However, for markets that offer epoch rewards or require more active management, I follow a different routine. Typically, I start my day by checking the market and assessing the performance of my positions shortly after waking up. Then, a few times during the day, I will jump in to monitor these reward-driven markets, ensuring that my positions are optimally positioned and balancing the push for fees while managing the risks associated with volatility. Before going to bed, I make it a point to review and fine-tune my positions once again to ensure that I am well-positioned for my 6 hour reboot and any potential market movements that may occur while I'm away.
Q: How many positions do you like to manage at any one time and why?
My preference is to manage only a few positions on a day-to-day basis due to my limited time to actively and effectively manage those positions. However, if I am chasing rewards, then I will manage up to 4 positions.
Q: Can you describe an instance when a sudden market event (like a flash crash or sudden price surge) affected your market making activities? How did you manage it?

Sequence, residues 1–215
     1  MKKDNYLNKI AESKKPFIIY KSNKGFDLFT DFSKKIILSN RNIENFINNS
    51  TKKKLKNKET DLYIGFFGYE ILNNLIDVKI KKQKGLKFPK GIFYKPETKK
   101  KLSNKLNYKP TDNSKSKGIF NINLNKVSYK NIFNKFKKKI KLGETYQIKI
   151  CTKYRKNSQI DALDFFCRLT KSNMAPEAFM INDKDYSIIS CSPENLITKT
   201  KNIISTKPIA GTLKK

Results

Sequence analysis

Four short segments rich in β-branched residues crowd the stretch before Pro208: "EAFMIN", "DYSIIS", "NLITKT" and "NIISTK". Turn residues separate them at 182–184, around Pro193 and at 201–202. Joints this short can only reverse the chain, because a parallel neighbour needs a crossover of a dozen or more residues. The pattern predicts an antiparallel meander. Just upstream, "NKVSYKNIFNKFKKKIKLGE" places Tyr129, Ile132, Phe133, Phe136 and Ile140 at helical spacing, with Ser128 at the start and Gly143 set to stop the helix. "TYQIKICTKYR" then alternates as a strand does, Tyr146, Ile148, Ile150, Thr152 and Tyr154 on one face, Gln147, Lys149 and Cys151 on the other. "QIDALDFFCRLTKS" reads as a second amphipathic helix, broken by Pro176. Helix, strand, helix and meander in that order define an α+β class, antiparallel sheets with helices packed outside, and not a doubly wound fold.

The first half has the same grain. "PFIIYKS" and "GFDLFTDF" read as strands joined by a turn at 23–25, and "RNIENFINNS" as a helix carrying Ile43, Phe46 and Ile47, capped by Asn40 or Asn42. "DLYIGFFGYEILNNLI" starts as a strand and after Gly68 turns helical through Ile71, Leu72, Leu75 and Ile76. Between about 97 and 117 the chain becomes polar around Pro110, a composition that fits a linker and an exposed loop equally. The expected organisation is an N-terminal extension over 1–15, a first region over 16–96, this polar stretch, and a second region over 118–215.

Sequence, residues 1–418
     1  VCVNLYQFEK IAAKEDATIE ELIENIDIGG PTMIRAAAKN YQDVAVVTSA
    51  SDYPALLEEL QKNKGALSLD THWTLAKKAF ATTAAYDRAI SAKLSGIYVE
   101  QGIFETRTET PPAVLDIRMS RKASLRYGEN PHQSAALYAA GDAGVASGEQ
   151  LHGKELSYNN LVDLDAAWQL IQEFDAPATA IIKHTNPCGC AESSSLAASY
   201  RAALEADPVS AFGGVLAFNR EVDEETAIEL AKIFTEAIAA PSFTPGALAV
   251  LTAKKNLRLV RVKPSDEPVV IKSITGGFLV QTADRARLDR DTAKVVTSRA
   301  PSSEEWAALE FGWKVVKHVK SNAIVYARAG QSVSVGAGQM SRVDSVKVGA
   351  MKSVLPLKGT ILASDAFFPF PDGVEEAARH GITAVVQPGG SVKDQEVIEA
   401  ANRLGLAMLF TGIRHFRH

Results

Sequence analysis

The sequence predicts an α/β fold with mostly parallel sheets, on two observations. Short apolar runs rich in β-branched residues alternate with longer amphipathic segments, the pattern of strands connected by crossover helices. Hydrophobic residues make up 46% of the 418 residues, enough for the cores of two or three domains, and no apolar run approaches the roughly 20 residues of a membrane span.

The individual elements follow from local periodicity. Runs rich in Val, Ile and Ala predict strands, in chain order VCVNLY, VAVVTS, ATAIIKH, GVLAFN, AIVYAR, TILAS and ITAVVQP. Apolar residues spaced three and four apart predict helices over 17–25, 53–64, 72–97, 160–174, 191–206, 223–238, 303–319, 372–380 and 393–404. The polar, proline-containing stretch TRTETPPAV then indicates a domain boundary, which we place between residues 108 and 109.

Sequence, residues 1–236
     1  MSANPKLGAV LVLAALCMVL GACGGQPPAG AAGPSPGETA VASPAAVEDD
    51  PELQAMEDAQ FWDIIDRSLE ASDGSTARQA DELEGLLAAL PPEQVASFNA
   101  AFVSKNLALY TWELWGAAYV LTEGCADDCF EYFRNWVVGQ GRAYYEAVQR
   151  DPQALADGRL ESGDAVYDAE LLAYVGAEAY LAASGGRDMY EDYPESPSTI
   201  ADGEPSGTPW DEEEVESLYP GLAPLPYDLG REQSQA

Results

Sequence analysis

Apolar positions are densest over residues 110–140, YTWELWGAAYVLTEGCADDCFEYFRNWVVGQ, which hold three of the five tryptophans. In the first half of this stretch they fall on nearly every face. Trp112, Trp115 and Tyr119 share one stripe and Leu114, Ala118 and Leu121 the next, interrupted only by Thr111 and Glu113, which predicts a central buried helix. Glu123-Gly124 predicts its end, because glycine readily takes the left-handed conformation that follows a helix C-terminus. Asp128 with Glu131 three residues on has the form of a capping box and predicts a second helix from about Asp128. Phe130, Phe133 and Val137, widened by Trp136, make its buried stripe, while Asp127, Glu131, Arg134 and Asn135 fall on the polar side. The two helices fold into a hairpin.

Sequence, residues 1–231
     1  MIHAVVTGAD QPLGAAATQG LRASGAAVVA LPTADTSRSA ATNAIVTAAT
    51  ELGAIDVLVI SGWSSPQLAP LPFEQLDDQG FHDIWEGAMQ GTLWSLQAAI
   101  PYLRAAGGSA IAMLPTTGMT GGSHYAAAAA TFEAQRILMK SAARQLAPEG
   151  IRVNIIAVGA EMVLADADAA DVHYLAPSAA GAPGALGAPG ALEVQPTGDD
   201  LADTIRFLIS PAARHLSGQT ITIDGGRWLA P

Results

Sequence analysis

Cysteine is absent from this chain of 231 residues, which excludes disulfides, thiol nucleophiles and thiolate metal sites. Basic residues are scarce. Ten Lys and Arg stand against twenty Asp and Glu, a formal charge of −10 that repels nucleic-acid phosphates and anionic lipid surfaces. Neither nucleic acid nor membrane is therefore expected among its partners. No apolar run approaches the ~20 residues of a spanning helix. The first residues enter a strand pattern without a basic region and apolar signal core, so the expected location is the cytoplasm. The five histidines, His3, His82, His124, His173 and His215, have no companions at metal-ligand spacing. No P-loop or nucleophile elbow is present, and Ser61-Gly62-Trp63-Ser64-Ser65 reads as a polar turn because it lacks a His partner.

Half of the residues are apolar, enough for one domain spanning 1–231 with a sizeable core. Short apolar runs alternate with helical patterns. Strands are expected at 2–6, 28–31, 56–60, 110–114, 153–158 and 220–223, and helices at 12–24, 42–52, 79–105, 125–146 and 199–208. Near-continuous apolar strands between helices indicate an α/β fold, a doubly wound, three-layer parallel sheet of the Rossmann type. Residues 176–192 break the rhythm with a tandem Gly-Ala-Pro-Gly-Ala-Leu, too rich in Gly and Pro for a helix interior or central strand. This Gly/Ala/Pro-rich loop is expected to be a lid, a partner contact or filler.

In the world of crypto, market flashes and crashes are the norm. Unless there is some catalyst that makes me believe that the market will be either all up or all down from there, the best bet for me has been to not panic, consider the cause for the crash and then do nothing and give the market a little time to settle down and come back. I will also try to take advantage of those crashes and flashes and move a fixed percentage of my liquidity around so that I gradually buy (or sell) over a wide range of liquidity. For example, after a flash ETH crash, I will be left with a portion (or all) of my liquidity in ETH. I take that ETH and set it up in a one sided Bid-Ask shape with a wide range so that when the market eventually trends upward, I am selling more ETH at higher prices. If structured properly and with a little cooperation from the market, the IL from the crash is mitigated or eliminated and the fees on the way up are the cherry on top.